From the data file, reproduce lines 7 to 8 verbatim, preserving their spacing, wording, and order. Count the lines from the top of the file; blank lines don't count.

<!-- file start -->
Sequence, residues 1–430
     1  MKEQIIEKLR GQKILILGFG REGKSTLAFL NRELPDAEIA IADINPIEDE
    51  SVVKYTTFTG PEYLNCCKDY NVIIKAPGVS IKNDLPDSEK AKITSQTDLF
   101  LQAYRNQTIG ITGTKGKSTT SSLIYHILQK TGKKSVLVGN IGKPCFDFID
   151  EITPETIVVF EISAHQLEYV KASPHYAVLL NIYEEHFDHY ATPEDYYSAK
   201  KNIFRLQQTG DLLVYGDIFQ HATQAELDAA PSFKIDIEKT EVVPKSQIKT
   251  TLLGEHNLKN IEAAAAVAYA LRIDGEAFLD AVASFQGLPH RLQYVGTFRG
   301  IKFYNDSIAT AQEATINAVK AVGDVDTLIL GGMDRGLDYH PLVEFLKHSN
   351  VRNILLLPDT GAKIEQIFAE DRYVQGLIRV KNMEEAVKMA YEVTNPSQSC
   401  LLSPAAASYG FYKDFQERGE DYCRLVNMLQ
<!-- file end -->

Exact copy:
   251  TLLGEHNLKN IEAAAAVAYA LRIDGEAFLD AVASFQGLPH RLQYVGTFRG
   301  IKFYNDSIAT AQEATINAVK AVGDVDTLIL GGMDRGLDYH PLVEFLKHSN